- Kevin Seifert, NFL Nation
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The Lions have done nothing to dissuade us of this intangible but real observation: They don't know how to win. They've been within five points of their opponents in the fourth quarter of all nine of their losses this season. Nose tackle Corey Williams and cornerback Chris Houston reacted emotionally after this latest loss. But they were essentially right to point out that in critical situations, the Lions don't know what to do, how to set aside adversity or what it takes to make that final sprint to the finish line. (Houston's suggestion that the team has "little heart" was a bit over the top. I would suggest it's more a matter of "little experience at winning.") There is no easy fix here. Ultimately, what you need is a player or a group of players stepping forward and demonstrating on a consistent basis how to rise to the occasion. A sack on third down. Forcing a turnover. Breaking tackles. If you're a young player on the Lions' roster, a good place to start is by watching defensive end Kyle Vanden Bosch.
I'm not sure if any scheme would have stopped Patriots quarterback Tom Brady, who survived a five-hit first half to finish the game with a perfect passer rating of 158.3. But it's worth noting that the Lions didn't really come after him from a blitz perspective. According to ESPN Stats & Information, the Lions were in their four-man rush on nearly 80 percent of Brady's dropbacks. In the second half, Brady completed 10 of 11 passes for three touchdowns against the Lions' standard rush. I would understand if the Lions weren't confident enough in their coverage to utilize the blitz more often, but on Thursday, it was clear their base defense wasn't up to stopping him.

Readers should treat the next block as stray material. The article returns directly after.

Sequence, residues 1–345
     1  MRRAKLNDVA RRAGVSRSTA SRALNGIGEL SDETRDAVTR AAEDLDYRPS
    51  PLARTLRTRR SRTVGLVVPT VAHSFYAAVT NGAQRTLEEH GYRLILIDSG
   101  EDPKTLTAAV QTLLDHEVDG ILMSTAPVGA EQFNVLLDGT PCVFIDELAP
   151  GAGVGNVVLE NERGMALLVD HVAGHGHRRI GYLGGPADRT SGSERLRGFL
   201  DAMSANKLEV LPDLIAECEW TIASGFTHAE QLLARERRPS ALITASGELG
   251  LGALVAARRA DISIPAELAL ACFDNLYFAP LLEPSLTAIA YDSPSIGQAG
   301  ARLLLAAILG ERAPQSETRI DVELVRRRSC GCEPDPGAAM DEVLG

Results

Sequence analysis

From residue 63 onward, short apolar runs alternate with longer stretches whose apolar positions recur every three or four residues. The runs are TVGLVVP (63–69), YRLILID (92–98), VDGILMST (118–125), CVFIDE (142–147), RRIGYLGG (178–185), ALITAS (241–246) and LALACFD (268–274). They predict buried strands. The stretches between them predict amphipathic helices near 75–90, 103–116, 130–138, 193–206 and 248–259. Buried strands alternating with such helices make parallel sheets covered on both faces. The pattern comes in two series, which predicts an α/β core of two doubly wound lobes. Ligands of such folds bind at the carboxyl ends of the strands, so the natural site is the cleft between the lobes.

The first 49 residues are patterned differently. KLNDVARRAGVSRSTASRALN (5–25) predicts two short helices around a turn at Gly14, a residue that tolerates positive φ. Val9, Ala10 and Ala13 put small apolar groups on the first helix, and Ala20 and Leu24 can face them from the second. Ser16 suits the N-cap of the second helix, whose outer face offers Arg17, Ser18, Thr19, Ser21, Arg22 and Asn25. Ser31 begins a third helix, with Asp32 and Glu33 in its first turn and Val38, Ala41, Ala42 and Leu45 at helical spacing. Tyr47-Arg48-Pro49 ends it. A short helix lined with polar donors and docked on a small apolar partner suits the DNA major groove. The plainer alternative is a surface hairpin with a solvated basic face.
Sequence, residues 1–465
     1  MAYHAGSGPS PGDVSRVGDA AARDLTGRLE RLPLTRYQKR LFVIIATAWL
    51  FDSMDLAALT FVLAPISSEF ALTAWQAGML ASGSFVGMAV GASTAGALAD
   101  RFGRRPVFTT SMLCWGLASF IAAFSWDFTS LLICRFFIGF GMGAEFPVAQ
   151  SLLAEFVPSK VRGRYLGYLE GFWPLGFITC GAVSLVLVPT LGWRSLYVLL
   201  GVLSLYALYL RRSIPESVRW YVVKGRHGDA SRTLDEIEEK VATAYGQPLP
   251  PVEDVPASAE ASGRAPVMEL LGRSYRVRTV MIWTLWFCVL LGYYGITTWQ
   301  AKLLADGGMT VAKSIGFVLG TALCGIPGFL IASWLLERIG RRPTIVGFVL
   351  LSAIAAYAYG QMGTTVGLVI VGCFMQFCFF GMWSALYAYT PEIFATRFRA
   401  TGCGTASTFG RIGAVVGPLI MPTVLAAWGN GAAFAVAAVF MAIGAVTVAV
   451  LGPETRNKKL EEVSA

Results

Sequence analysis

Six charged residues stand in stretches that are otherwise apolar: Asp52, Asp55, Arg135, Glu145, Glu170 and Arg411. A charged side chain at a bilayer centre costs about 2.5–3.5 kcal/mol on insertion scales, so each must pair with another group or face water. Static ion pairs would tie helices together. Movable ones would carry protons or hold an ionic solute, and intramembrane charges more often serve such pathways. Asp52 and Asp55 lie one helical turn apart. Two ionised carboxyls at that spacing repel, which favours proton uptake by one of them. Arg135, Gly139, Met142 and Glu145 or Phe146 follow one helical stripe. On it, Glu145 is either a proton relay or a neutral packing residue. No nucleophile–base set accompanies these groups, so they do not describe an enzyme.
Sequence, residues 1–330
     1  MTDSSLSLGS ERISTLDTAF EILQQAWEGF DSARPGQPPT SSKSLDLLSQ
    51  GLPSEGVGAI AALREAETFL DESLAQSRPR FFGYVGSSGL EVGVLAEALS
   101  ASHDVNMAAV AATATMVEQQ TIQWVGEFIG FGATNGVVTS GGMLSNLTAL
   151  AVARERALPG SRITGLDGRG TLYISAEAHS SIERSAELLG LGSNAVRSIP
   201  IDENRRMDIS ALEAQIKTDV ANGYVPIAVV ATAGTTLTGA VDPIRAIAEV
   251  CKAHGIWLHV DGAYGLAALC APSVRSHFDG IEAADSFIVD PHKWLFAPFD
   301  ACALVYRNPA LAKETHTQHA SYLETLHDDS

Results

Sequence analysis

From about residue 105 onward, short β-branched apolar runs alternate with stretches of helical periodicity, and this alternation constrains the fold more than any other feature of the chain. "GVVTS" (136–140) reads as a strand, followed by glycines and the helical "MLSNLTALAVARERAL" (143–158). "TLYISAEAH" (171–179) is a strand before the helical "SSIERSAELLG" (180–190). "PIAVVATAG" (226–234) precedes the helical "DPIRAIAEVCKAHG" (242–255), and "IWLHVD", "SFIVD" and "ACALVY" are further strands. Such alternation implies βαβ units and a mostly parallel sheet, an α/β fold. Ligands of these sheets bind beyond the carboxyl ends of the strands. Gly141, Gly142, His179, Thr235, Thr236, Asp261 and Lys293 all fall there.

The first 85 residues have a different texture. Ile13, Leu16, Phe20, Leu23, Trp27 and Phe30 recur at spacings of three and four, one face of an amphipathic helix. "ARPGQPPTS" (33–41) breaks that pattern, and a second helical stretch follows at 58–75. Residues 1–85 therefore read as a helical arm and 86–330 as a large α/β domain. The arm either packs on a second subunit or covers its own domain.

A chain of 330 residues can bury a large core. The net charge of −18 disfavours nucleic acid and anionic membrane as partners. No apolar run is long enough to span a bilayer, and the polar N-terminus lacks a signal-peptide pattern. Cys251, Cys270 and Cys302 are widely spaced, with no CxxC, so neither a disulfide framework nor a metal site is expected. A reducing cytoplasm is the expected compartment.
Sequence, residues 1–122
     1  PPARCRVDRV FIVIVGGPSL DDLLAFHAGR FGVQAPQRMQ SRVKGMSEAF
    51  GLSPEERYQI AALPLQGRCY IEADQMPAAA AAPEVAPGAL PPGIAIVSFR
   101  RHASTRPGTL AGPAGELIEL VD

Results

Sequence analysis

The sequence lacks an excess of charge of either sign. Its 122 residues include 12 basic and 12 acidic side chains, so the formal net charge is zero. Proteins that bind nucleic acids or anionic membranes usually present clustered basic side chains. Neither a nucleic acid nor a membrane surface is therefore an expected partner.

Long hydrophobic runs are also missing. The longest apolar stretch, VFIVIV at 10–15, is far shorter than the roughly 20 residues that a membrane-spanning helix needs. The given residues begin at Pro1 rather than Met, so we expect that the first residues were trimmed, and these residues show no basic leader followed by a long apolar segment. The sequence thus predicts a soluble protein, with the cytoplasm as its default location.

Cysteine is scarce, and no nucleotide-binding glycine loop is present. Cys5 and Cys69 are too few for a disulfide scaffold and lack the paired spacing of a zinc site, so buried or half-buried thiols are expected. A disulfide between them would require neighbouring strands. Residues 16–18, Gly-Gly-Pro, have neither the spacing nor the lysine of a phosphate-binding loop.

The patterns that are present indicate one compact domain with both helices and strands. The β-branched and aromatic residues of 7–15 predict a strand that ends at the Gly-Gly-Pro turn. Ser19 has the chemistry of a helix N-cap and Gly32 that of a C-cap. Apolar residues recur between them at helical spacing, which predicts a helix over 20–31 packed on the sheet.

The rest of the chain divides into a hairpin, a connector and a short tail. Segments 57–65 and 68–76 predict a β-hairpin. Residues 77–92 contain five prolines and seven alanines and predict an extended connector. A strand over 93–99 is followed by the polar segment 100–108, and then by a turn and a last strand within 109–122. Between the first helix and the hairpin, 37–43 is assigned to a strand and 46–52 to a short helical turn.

Tight end Brandon Pettigrew caught five passes, giving him 55 for the season and a new Lions single-season record for receptions in a season by a tight end. But it was one catch he wasn't credited for that proved a huge turning point in the game. Referee Ron Winter's crew called Pettigrew for offensive pass interference after his 21-yard reception in the fourth quarter converted a third-and-5 situation, wiping out the catch and ultimately forcing the Lions to punt as they trailed 31-24. I thought the call was marginal at best, and the Patriots put the game out of reach on the ensuing drive.
And here is one issue I don't get:
Lions coach Jim Schwartz was obviously upset about the call against Pettigrew, as well as a pass interference penalty on linebacker DeAndre Levy that gave the Patriots a third-down conversion in the second quarter. Here's what Schwartz said: "The fact is, when you're a 2-9 football team, you're not going to get those calls. When you're a 9-2 team, you're going to get those calls. That's the way the NFL is. It's close games and we don't have the reputation of being a team that makes those plays. We need to make those plays and then complain about officiating." I agree with part of what Schwartz said. The Lions shouldn't expect to get marginal calls. But I don't think it's because they are 2-9 this season. It's because they continue to play sloppy, undisciplined football. Questionable calls aside, the Lions made plenty of unambiguous mistakes Thursday. If officials are inclined to be influenced in any way, it's for that reason. Penalties and mistakes beget more penalties and mistakes.
After the Detroit Lions' 45-24 loss to the New England Patriots, here are three issues that merit further examination: The Lions have done nothing to dissuade us of this intangible but real observation: They don't know how to win.